Over the long-term, Abell hopes that the Kaiser Permanente initiative will impact government spending as well — “public purchasers could make a similar kind of commitment to employee ownership, recognizing the synergies with their commitments to minority- and women-owned businesses,” she says.
Focusing on employee ownership as its own impact spending strategy is a force multiplier for that spend.–Joseph Cureton, chief coordinating officer, Obran Cooperative
Cureton is hoping that more health care anchors will begin to see the benefits of an employee ownership strategy. He notes, “the beauty of the strategy is that it isn’t asking the organizations to do something different—it’s a real confluence of interest. The purchasing department continues to buy from the same supplier, but who benefits from that spend—i.e., the workers—changes. “It’s an incredibly novel strategy,” he notes. “Most organizations have some Diversity, Equity, and Inclusion (DEI) goals, or some minority spend set asides, but focusing on employee ownership as its own impact spending strategy is a force multiplier for that spend. It’s something that is needed all across the country.”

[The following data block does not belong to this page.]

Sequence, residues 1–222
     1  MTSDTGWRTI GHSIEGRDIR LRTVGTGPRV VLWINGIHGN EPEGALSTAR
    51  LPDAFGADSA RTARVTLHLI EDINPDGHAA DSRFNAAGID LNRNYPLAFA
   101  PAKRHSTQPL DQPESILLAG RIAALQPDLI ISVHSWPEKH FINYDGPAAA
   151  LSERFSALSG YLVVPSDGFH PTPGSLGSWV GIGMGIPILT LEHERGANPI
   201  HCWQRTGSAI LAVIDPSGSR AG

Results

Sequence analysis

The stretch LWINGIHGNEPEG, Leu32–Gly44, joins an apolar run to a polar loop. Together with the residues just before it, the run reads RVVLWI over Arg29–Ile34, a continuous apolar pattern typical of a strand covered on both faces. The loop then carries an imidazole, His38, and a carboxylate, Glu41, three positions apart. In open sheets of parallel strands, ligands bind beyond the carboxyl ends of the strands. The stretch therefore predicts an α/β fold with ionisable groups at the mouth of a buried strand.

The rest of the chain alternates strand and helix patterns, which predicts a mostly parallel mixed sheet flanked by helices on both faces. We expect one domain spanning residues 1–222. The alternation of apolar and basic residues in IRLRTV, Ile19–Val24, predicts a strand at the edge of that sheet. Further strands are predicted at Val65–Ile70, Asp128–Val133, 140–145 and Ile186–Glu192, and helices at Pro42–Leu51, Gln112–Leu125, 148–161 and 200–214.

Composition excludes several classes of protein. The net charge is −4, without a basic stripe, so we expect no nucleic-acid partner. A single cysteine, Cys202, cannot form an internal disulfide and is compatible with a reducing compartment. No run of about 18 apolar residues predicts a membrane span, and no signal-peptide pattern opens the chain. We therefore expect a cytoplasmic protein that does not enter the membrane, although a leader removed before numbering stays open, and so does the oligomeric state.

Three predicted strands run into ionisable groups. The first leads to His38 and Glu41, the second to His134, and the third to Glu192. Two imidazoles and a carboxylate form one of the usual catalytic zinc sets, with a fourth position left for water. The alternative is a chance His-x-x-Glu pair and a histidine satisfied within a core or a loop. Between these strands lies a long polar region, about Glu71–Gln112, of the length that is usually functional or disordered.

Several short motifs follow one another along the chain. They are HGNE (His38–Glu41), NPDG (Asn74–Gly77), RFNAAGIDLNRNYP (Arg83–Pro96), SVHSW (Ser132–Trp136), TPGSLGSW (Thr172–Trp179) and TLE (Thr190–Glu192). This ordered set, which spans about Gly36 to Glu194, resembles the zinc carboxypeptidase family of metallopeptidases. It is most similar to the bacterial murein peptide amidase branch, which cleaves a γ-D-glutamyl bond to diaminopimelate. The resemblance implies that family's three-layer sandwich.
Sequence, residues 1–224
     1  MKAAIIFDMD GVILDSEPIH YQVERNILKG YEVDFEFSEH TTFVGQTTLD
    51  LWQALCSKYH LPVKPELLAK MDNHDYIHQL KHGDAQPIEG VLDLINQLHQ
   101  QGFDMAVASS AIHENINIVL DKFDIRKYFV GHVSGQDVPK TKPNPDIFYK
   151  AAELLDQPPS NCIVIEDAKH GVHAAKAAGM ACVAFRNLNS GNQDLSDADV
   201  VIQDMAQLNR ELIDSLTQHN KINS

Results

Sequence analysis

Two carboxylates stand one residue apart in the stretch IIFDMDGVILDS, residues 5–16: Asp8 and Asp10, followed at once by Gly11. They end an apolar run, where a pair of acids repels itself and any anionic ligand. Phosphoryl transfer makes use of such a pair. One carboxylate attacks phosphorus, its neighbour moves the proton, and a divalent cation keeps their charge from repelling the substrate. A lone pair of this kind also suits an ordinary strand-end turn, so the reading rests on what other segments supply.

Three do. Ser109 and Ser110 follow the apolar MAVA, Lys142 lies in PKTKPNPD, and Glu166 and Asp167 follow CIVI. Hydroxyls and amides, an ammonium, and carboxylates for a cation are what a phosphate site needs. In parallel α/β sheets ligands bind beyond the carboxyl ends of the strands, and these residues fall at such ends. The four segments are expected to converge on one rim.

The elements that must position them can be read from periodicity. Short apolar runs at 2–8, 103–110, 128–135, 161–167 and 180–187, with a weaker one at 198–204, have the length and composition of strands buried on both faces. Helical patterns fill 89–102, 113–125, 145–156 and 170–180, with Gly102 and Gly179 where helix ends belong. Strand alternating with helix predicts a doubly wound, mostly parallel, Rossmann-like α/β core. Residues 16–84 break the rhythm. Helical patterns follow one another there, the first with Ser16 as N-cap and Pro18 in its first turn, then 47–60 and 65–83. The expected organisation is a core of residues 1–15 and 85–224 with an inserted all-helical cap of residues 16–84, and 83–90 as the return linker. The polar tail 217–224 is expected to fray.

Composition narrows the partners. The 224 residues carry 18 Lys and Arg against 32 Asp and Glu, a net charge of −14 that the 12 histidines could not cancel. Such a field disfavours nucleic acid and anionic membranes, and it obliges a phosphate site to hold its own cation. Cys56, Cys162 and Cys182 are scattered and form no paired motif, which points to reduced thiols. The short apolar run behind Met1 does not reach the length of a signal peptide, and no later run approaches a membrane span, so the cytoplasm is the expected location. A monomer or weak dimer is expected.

HAN plans to promote the strategy throughout its network. Says President Zuckerman, “This is a multiple dimension opportunity. It ensures that diverse-owned businesses can remain part of the supply chain—they aren’t absorbed by private equity or another business when successful. It keeps these businesses in the community, where they can continue to provide quality jobs; and it grows the pipeline of potential diverse vendors because often the employee at these companies are significantly more diverse than the original owners.”
Zuckerman continues, “It gives anchor institutions an alternative way to support expanding employee ownership beyond simply the Evergreen model of start-up coops. At scale, it could be super transformative.”
Karen Kahn is a communications consultant and the editor of Employee Ownership News.